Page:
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Padma Sharma
PhD candidate in Economics


Email: padmas[at]uci.edu
Address: UCI Department of Economics
3151 Social Science Plaza
Irvine, CA 92697-5100

My research interests span the union of two fields - Econometrics and Financial Economics and involve the development of Econometric methods that address research questions pertaining to banking and financial stability. I will be graduating in June 2019 from the University of California Irvine with a PhD in Economics. I am currently on the job market and will be at the ASSA meetings at Atlanta between January 4-6, 2019.

In my job market paper , I assess the responses of U.S. regulators in the banking and Savings and Loans (S&L) industries to widespread failures by comparing observed responses with benchmarks from theoretical models of optimal failure resolution.

I was a dissertation intern at the Federal Reserve Bank of New York during June-September 2018 and a recipient of the Graduate Dean’s Dissertation Fellowship in UCI over Summer and Fall 2018.

I have worked as a quantitative risk modeler and team manager in financial services prior to commencing my doctoral studies at UC Irvine. My research is informed by my insights from evaluating bank portfolios and experience in developing statistical models to manage credit and operational risk over the period spanning the Great Recession.

Research Interests: Econometrics, Financial Economics, Computational Statistics and Macroeconomics

Research

An overview of my working papers and research projects in progress.

Working Papers

Assessing Regulatory Responses to Troubled Banks (Job Market Paper)

How can the public assess the performance of regulators who administer the resolution of troubled banks? Economic theory indicates that regulators best serve the public interest when they act to discourage moral hazard and preserve channels of financial intermediation. I study the resolution of failed financial institutions in the US over the period 1984-1992, characterized by concurrent crises in the banking and Savings and Loans(S&L) industries. I determine whether regulators in the two industries conformed to norms of optimality by developing a Bayesian estimation algorithm to uncover their decision rules. The results show that the banking regulator provided assistance and carried out liquidations with higher probability when failures occurred amid adverse and benign local economic conditions respectively. Whereas the former’s actions align with theoretical recommendations, the S&L regulator did not distinguish across failures based on underlying economic characteristics. These findings provide insights into the differences in responses that contributed to the resilience of the banking regulator through the crisis and the eventual insolvency of the S&L regulator. The estimation approach developed here addresses unobserved heterogeneity, allows straightforward inference on quantities of interest and offers a coherent framework for model comparison.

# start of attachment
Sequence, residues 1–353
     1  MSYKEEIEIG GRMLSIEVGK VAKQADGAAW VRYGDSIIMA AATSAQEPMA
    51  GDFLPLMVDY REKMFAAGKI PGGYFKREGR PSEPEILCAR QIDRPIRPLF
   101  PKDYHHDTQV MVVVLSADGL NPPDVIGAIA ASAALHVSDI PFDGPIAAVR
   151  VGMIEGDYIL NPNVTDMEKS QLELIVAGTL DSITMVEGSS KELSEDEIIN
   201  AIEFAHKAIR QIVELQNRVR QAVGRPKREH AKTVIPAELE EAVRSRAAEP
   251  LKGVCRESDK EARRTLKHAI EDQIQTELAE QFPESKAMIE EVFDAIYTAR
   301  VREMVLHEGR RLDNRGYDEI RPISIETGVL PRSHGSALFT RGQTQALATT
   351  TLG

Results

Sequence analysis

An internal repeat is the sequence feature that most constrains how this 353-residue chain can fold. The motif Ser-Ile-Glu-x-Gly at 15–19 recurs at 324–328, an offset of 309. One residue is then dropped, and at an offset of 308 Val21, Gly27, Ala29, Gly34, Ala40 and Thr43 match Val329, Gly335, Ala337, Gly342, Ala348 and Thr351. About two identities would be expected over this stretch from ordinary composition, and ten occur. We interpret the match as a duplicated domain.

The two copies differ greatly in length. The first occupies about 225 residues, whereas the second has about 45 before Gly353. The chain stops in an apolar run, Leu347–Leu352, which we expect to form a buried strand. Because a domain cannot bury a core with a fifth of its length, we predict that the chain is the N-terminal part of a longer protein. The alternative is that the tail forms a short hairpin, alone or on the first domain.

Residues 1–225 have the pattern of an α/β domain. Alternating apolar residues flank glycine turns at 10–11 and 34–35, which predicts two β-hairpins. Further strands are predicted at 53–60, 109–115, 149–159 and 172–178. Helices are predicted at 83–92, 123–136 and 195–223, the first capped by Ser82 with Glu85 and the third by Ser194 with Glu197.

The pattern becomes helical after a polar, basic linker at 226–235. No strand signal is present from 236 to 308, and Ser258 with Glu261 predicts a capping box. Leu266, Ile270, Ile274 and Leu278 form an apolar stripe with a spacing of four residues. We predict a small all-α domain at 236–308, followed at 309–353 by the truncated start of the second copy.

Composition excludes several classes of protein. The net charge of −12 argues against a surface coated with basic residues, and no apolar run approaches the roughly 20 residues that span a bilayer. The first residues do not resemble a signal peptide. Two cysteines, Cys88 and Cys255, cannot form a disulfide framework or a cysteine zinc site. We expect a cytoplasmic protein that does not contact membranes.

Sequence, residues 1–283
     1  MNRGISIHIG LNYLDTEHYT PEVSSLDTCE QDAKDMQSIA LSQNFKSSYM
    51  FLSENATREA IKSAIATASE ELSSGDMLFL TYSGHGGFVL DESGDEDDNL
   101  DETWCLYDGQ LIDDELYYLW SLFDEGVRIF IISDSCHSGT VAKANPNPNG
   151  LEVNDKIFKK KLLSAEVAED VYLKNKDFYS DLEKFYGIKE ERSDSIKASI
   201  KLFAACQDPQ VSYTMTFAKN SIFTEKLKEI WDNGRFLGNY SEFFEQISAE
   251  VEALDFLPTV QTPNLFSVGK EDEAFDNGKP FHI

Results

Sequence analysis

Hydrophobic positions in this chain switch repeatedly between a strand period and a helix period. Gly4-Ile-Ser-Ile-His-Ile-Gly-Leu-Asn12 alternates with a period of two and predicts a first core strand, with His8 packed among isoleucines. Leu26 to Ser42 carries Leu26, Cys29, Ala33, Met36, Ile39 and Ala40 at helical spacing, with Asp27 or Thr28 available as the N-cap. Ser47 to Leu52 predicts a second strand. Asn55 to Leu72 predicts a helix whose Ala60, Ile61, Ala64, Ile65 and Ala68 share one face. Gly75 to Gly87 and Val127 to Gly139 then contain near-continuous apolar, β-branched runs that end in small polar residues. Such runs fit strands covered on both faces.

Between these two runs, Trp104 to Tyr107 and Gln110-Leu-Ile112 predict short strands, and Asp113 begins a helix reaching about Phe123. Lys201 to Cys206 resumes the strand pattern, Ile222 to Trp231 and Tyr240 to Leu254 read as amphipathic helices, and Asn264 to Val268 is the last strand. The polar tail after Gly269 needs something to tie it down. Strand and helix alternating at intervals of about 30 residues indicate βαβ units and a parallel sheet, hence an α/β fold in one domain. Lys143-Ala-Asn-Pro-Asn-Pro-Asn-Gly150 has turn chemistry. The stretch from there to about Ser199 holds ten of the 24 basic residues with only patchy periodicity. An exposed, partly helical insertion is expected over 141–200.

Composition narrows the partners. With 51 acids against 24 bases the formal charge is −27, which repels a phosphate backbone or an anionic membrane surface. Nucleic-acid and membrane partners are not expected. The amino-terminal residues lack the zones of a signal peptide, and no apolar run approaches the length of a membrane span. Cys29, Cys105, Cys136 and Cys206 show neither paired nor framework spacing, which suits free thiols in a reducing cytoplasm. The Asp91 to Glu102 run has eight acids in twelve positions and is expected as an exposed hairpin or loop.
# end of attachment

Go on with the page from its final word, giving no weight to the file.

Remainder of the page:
Suspension of Payments and their Consequences with Christoffer Koch, Qian Chen and Gary Richardson

Governors suspended payments by healthy financial institutions in their states four times in the last forty years. Suspensions in Nebraska (1983), Ohio (1985), and Maryland (1985), which occurred during economic expansions, had little measurable impact at the state-level. The suspension in Rhode Island (1991), which occurred during a recession, lengthened and deepened the contraction relative to states with comparable pre-suspension patterns of economic activity. We document the suspension’s impact on macroeconomics aggregates, such as unemployment, payrolls, per capita incomes, business formation, bankruptcies, and mortgage defaults, using methods of synthetic control. Our estimates help us to address two policy questions. Were the costs of direct federal and state expenditures to prevent suspension of payments from the Great Depression until today worth the benefits? Was the cost of federal interventions to prevent suspensions of payments by commercial banks following the collapse of Lehman brothers in September 2008 worth the likely benefits? In both cases, our answer is yes.

Bayesian Latent Class Modeling with Ordinal Response Data

Bayesian methods to estimate latent class models have been developed and implemented in contexts involving continuous and binary outcome data but have not yet been adapted to model ordinal responses. I address this open area of research and develop an efficient collapsed Gibbs sampler to estimate such models in univariate and multivariate settings. The paper discusses issues pertaining to model identification and prior sensitivity and provides applications from education and banking.

Work In Progress

The Impact of Bank Resolution Procedures on Risk-taking: Evidence from a Policy Change in the 1980s

Efficient Bayesian Estimation of the Mixed Logit Model with Ivan Jeliazkov and Kai Yoshioka

Bayesian Inference with Synthetic Control Methods with Christoffer Koch and Gary Richardson

Bayesian Joint Modeling with Shape Constraints with Trambak Banerjee

Competitive Effects of Bank and Thrift Rescues: Evidence from Bank-level Portfolios

Teaching

I have been a TA for the following classes at UC Irvine.

Graduate

Econometrics (Winter 2016, Spring 2016, Spring 2017, Spring 2018), Probability and Statistics (Summer 2016), Computational Camp (Summer 2016)

Upper Division

Econometrics II (Winter 2017, Winter 2018), Cultural Economics (Summer 2016), Applied Econometrics I (Fall 2016), Applied Econometrics II (Fall 2015), Game Theory (Summer 2015), Managerial Economics (Spring 2015)

Lower Division

Probability and Statistics for Social Sciences (Winter 2015), Probability and Statistics II (Fall 2014)

CV

The latest version of my CV can be accessed here